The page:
6. A friend of ours recently had a house fire and lost everything. We bought him laundry basket and filled it with a couple sets of dishes, bath and kitchen towels and laundry soap to help him get started again. It might seem like a weird gift, but I’m sure he’d rather spend his money on so many other things rather than detergent.

  7. Sarah, that’s awesome! I’m a little nervous to try it, because sadly I’m a bubbles = clean kinda girl, but I’m all about saving money… AND I have an HE machine and I think that you get gipped when you buy HE soap because you don’t get as much :o)

    I like that you can pick out your own scents… cause that’s my most fun part of doing laundry, (if you could say there is anything fun about doing laundry at all…)

  8. I love using different scents too and bought two bars each of peppermint, citrus, lavender and eucalyptus soaps. (The cats fight each other for the peppermint soap wrappers. It must smell like catnip or something to them!)

  9. Hey Sarah, What is the difference between laundry soda and baking soda? Also, do you have city sewer or septic… I am pretty fanatical about using liquid soap on my septic system, although really I could just add hot water and make it liquid, eh?

  10. Washing soda is a little more caustic than baking soda, and can’t be used in food. I find the washing soda and borax in the laundry aisle at Krogers, and the baking soda is on the baking aisle. (I order the Dr. Bronner soaps from Vitacost.com, I haven’t found it locally.)

    I have city water, but my friend Kim just moved to a house with a septic tank and she wondered the same thing. She has really hard water and we’re currently doing a little experiment to see how well a tablespoon of detergent dissolves in her water and mine. I’ll let you know if we learn anything. :) There are a lot of liquid homemade recipes out there, just Google and you’ll find a lot if you’d rather try that.

  11. Sarah, Six months ago, I made a five gallon bucket, which cost me a whopping $3.00 of materials. I STILL have some left. This means I will spend less than $10 annually for laundry detergent. Prior to this I was spending $100 annually! A savings of more than $90 a year! That is enough to pay my electric bill for one month! Or fill my tank twice! I have used this same recipe and I am very pleased with it.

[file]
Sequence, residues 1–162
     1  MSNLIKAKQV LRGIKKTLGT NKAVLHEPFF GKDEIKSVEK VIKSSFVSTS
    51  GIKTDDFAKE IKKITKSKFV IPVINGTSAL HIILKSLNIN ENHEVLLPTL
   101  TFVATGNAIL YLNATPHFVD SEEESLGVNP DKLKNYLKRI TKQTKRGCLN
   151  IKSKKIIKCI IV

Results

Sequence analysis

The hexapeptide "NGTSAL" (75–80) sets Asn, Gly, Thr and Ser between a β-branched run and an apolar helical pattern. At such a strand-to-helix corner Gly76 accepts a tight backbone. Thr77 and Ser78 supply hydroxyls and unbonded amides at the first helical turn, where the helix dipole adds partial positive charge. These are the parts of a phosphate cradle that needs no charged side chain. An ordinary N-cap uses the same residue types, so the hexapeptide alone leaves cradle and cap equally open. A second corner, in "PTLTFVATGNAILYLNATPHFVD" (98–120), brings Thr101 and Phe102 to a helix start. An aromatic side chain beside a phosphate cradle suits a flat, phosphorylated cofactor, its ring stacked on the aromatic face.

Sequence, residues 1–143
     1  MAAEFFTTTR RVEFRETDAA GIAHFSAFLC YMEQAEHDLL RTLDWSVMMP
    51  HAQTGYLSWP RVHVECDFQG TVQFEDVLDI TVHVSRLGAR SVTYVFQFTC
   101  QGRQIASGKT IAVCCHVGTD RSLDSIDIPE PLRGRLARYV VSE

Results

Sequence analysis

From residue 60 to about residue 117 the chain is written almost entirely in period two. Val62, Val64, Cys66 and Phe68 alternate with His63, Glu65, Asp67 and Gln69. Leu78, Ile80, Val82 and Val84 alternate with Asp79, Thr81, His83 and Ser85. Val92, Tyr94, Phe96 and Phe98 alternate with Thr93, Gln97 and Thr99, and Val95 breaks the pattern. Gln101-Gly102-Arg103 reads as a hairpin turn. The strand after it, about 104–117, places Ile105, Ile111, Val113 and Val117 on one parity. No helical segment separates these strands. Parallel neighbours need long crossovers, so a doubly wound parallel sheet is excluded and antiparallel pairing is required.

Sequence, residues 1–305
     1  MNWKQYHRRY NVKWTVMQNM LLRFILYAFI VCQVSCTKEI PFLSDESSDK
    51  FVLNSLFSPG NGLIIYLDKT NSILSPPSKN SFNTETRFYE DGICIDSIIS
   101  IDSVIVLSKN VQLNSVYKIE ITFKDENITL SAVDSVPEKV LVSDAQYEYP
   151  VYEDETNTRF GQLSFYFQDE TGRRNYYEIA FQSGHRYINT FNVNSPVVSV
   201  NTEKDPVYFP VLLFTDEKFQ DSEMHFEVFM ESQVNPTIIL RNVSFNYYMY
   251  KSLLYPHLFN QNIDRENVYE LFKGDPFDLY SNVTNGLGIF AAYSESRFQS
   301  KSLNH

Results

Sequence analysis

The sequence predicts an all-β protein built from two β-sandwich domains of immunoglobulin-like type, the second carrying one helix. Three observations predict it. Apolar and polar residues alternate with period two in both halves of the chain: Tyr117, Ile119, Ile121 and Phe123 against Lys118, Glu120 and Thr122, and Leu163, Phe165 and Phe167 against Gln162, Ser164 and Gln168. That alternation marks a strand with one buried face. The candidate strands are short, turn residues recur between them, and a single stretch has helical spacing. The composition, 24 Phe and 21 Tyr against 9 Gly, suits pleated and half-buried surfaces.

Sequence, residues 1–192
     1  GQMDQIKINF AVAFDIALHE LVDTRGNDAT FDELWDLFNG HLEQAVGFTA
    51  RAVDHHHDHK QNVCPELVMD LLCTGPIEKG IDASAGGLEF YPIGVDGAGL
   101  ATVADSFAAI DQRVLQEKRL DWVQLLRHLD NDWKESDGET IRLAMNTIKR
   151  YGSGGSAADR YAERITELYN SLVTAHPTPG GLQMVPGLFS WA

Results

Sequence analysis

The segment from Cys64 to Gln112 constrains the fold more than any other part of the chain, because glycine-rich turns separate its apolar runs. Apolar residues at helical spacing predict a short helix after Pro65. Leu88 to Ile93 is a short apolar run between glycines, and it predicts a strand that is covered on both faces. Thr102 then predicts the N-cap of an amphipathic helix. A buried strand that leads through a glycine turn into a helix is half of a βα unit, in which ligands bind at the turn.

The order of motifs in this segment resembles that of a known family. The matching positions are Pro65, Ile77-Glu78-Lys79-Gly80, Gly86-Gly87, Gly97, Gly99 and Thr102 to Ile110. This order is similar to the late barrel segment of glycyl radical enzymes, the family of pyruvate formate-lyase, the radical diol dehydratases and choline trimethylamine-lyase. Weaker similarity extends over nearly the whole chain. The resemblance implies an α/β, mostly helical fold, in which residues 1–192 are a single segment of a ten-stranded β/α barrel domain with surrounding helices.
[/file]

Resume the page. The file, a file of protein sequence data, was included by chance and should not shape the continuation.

12. That’s awesome, Nannette! :) I was just thinking that what I’m making this weekend should last us over a year, IF I can keep from giving it away. I even gave some as Christmas gifts last year. (It’s so nice skipping the expensive laundry aisle at the grocery store, I love sharing that feeling.)

  13. Just spent a small fortune on a new W/D, and have already been a Dr. Bronner’s fan for too many years to count (Trader Joe’s carries it for cheap)… so I’m going to try this and pray the vinegar smell evaporates and we have soft, sweet sheets:)

    I AM a vegetarian, and we’re both allergic to most additives, so this could be a winner! I already use vinegar to clean glass, the inside of the DW (just a cup to run an empty load once a month) and the same for my washer, as well as our wood floors.

    Peppermint rocks!

  14. This is my absolute favorite for sheets! You will probably smell a hint of vinegar when you take them out of the washer, but by the time they’re done in the dryer they’ll just smell CLEAN. Well, I always use lavender sachets in the dryer with sheets, because the one thing I missed from fabric softeners was the scent. Now I have that soothing lavender scent from the lavender itself.

  15. hi! i have bought the ingredients & cannot wait to try the home-made detergent. thanks in advance for sharing all this! very kind of you… :)